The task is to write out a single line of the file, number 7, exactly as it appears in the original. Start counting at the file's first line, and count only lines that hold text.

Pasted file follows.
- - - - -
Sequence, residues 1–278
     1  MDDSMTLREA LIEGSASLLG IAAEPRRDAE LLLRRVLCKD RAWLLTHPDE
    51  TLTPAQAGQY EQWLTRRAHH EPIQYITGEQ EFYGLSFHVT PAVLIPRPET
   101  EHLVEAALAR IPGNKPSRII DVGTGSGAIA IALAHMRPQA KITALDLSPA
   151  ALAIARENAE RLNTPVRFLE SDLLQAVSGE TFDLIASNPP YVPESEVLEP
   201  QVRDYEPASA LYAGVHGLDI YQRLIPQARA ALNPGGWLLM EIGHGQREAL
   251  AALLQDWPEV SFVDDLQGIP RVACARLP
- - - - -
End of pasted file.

   251  AALLQDWPEV SFVDDLQGIP RVACARLP